The City of Monroe Fire Department has put together a checklist of some important information to help you get your life back on track.
Vital information you will need to have for insurance & legal records:
A fire in a home, whether you live in an apartment, a single family, or multifamily home, can cause serious damage. The building and many of the things in your home may have been badly damaged by flames, heat, smoke, and or water. You will find that your belongings the fire did not burn up are now ruined by smoke and are soggy with water used to put out the flames. Anything you want to save or re-use will need to be carefully cleaned. The firefighters might have had to cut holes in the walls of the building to look for any hidden flames. They may even have cut holes in the roof to let out the heat and smoke. Cleanup will take time and patience.
It is important to understand the risk to your safety and health even after the fire is out. The soot and dirty water left behind may contain things that could make you sick. Be very careful if you go into your home and if you touch any fire-damaged items. Ask the advice of the fire department, your insurance agent, and restoration specialists before starting to clean or make repairs.
Contact your local disaster relief service, such as the American Red Cross or the Salvation Army. They will help you find a place to stay for a while and find food, clothing, medicine, and other important things. Make sure you have a safe place to live temporarily. You have a big job ahead of you. Get plenty of rest and ask for help. Do not try to do it all alone.
If you have pets, find them and comfort them. Scared animals often react by biting or scratching. Handle them carefully, calmly, and gently. Try to leave pets with a family member, friend, or veterinarian if you are visiting or cleaning your damaged home. Keep your pets out of the house until the cleanup is complete to keep them safe.
Do not enter a damaged home or apartment unless the fire department says it is safe to go in. Fires can start again even if they appear to be out. Watch for damage caused by the fire. Roofs and floors may be damaged and could fall down. The fire department will make sure that the utility services (water, electricity, and gas) are safe to use. If they are not safe, firefighters will disconnect them before they leave the site. Do not try to turn them back on yourself.
Do not eat, drink, or breathe in anything that has been near the fire’s flames, smoke, soot, or water used to put the fire out. This includes your MEDICINES.
You will most likely need a copy of the incident report of your fire.
Contact your insurance company or agent right away. Most companies have a 24 hour line for filing a claim. Ask them what to do about the immediate needs of your home. This includes pumping out water and covering doors, windows, and other openings. Ask your insurance agent/company what they want you to do first. Some companies may ask you to make a list of everything that was damaged by the fire. They will ask you to describe these in detail and say how much you paid for the items.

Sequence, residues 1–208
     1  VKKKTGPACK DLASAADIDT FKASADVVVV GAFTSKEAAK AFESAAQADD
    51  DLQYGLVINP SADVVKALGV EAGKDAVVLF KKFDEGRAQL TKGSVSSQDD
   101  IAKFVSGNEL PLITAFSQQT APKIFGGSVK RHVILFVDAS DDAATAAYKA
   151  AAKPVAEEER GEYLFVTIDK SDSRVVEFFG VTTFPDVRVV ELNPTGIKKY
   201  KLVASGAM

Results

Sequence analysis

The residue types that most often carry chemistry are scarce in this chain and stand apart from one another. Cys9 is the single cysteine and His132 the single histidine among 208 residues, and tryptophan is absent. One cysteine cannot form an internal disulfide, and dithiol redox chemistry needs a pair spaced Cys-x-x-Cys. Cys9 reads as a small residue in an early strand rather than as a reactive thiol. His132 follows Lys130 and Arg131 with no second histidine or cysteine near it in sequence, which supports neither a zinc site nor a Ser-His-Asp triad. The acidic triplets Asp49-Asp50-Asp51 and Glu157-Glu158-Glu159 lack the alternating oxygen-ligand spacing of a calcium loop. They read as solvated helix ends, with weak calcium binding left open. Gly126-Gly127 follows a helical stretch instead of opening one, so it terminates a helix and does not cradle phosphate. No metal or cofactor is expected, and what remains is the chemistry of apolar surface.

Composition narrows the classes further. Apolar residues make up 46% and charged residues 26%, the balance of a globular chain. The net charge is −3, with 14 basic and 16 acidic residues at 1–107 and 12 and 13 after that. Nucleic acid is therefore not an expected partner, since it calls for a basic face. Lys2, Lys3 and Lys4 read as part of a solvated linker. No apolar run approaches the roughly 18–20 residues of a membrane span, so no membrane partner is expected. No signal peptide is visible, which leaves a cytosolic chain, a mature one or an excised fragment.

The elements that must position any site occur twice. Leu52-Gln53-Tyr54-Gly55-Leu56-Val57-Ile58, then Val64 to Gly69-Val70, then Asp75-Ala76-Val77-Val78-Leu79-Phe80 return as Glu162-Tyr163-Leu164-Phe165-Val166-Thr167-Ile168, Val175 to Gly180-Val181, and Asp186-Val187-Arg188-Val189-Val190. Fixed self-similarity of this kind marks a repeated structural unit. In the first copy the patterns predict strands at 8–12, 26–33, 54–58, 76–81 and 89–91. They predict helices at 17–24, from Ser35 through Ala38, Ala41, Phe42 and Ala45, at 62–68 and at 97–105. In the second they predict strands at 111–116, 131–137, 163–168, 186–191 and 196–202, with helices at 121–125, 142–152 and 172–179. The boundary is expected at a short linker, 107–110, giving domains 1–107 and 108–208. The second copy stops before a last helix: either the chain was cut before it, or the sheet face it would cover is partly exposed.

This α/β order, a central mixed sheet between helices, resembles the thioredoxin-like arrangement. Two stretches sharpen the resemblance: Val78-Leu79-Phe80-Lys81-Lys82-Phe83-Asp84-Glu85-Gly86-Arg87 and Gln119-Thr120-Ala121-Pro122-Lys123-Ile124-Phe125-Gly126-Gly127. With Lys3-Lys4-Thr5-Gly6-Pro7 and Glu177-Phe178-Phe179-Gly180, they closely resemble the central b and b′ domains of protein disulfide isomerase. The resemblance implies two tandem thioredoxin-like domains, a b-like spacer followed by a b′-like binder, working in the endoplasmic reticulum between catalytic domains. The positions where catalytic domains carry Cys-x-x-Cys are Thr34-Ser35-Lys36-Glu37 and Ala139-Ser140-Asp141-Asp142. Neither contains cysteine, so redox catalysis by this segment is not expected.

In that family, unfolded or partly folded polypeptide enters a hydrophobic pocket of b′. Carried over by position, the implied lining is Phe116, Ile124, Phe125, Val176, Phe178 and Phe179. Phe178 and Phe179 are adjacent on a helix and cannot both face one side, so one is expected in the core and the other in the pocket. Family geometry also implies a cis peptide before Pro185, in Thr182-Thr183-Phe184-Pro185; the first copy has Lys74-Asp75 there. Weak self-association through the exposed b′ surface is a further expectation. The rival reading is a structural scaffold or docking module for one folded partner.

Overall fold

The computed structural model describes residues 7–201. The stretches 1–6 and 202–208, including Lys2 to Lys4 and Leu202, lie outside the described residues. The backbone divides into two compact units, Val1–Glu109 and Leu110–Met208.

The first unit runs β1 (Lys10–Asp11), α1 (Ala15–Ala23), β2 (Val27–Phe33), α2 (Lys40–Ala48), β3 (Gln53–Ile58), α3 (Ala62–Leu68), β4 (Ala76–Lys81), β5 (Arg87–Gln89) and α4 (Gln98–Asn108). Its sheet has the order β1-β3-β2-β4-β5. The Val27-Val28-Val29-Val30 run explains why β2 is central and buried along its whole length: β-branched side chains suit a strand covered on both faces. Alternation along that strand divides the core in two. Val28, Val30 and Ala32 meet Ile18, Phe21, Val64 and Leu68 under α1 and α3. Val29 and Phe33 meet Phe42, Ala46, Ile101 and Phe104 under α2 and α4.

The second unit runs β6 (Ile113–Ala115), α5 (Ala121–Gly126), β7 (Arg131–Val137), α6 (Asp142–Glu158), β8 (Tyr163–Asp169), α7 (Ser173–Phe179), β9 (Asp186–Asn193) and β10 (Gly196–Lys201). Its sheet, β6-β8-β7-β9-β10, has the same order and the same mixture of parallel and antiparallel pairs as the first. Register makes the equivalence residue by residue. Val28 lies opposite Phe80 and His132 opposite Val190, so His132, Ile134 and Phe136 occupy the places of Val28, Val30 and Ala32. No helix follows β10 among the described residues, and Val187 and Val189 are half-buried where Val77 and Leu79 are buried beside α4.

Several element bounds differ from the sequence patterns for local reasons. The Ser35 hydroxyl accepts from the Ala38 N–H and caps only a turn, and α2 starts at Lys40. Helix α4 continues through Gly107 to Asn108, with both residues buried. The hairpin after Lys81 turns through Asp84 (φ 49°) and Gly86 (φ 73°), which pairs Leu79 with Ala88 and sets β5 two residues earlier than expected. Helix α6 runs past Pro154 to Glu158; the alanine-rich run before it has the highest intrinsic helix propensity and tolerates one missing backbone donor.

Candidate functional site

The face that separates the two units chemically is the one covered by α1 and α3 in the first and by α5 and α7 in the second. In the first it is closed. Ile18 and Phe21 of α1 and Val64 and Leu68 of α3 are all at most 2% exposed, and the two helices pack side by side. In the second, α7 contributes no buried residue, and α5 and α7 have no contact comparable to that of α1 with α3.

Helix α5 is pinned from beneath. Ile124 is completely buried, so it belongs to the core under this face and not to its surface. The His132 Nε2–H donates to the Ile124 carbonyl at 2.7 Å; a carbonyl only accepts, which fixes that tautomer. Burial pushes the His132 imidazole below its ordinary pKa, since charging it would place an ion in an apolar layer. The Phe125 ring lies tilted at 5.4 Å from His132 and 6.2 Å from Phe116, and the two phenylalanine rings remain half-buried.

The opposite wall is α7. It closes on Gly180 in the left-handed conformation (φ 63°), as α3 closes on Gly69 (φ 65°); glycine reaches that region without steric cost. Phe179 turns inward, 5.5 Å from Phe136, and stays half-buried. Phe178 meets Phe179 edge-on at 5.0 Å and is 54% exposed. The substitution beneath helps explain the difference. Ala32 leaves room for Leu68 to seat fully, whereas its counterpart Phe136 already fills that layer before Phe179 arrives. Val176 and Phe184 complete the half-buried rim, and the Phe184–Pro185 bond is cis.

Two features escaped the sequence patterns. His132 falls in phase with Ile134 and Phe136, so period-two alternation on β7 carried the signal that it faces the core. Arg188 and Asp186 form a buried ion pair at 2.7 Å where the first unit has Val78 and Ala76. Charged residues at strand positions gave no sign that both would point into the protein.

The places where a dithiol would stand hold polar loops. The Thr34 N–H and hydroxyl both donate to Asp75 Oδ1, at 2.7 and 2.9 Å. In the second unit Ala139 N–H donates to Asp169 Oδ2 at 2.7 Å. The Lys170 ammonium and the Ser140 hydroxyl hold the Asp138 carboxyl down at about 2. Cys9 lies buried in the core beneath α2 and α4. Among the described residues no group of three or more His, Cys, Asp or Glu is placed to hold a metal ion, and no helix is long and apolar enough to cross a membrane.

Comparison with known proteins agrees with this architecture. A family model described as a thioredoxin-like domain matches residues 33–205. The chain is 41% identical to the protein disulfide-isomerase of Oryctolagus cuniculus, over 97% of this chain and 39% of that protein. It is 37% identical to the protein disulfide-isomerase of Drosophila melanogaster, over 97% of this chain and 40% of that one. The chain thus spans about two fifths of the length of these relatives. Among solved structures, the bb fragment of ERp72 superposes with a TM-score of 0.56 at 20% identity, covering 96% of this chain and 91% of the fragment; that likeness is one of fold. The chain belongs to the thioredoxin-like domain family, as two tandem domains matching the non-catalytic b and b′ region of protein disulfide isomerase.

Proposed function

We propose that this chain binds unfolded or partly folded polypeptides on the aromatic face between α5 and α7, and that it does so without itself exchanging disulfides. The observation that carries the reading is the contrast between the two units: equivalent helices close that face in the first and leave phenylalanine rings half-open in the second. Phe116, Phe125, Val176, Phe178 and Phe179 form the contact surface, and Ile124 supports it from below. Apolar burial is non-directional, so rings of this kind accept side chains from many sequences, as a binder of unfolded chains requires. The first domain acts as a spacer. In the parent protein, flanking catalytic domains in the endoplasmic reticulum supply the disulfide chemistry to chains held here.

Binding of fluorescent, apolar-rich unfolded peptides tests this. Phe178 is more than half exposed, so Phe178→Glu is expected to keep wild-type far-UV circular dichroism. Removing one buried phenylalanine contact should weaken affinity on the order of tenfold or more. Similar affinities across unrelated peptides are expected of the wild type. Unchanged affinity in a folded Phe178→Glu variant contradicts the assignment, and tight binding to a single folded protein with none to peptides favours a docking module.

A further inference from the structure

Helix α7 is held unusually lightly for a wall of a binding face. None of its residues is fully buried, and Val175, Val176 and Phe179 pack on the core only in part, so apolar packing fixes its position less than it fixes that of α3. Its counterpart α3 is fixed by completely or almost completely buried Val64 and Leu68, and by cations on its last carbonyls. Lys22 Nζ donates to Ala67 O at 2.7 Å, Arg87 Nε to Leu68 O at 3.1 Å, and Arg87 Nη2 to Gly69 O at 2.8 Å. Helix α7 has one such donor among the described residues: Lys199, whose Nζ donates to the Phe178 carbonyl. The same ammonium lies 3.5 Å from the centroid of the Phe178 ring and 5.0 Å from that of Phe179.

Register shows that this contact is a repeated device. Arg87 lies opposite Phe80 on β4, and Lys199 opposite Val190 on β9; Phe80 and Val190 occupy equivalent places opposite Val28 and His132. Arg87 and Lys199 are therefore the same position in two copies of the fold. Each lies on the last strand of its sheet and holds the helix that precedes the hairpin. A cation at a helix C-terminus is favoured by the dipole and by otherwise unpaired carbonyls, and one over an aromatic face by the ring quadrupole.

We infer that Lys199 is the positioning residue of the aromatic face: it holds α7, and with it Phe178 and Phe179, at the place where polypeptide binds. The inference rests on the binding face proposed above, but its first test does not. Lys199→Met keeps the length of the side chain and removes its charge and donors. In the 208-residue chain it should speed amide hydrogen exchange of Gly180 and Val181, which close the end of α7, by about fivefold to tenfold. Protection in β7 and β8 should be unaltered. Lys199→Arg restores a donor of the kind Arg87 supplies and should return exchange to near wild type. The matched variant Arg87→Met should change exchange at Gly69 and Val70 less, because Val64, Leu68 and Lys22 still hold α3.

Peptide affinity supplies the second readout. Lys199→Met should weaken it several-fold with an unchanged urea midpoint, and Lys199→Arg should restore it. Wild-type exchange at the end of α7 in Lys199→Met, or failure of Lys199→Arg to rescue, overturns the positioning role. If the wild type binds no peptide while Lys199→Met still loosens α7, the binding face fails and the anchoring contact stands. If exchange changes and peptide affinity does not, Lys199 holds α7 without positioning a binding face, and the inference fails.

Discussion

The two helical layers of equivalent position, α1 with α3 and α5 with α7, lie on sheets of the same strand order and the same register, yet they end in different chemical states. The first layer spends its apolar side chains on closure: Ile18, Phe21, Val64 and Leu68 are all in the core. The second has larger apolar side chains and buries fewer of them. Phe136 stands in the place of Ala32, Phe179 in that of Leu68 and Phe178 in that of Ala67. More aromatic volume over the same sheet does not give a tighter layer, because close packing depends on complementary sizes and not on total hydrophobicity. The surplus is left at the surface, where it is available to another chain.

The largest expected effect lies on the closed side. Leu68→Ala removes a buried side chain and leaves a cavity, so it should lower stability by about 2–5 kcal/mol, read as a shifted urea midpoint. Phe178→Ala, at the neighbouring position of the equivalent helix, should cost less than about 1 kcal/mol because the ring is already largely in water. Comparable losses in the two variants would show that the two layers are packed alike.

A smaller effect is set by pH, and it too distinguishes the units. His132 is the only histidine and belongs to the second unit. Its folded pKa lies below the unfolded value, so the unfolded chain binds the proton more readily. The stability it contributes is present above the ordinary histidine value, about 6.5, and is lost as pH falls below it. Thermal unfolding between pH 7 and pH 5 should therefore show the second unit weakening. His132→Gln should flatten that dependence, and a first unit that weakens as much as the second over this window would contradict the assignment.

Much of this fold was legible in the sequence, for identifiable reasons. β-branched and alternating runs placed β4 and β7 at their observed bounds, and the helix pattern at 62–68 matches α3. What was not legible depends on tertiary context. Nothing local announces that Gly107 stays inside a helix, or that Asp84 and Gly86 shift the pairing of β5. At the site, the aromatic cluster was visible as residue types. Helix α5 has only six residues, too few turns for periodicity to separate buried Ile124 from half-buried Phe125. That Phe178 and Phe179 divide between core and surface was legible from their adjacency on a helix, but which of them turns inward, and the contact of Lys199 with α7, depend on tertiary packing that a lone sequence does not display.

If you do not have insurance, your family and community might be able to help.
Get you back on your feet. Organizations that can also help include:
Get in touch with your landlord or mortgage lender as soon as possible. Contact your credit card company to report credit cards lost in the fire and request replacements. Save all receipts for any money you spend. These receipts are important in showing the insurance company what money you have spent concerning your fire loss. This will help prove you bought things you may want to claim on your income tax forms.
There are companies that are experts in cleaning and/or restoring your personal items. Whether you or your insurer buys this type of service, be clear on who will pay for it. Be sure to ask for an estimate of cost for the work and agree to it in writing. You will find the names and phone numbers for companies that do this work in the phone book and on the Internet, or ask your insurance agent for a company they have used. Before you hire any company, talk to someone who has used them to make sure they did good work.
Some companies that claim to provide board up and cleaning services are not honest. Ask your insurance company for names of companies you can trust to do a good job at a fair price. These companies will be able to help you restore items damaged in the fire. It is very important that you carefully handle items damaged in the fire. This is so the restoration companies will be able to salvage your belongings.
You will want to replace many of the following documents destroyed or lost in the fire:
Handle burned money as little as possible. Try to place each bill or part of a bill in plastic wrap to help preserve it. If money is partly burned—if half or more is still ok—you can take the part that is left to your regional Federal Reserve Bank to get it replaced. Ask your bank for the one nearest you or you can take the burned or torn money to the Post Office and mail it by “registered mail, return receipt requested” to:
Department of the Treasury Bureau of Engraving and Printing Office of Currency Standards P.O. Box 37048 Washington, DC 20013
Damaged or melted coins may be taken to your regional Federal Reserve Bank or mailed by “registered mail, return receipt requested” to:
Superintendent U.S. Mint
400 Philadelphia, PA 19105
To replace U.S. Savings Bonds that are destroyed or mutilated, get the Department of Treasury Form PD F 1048 (I) from your bank or at www.ustreas.gov and mail to:
Department of the Treasury Bureau of the Public Debt Savings Bonds Operations P.O. Box 1328 Parkersburg, WV 26106-1328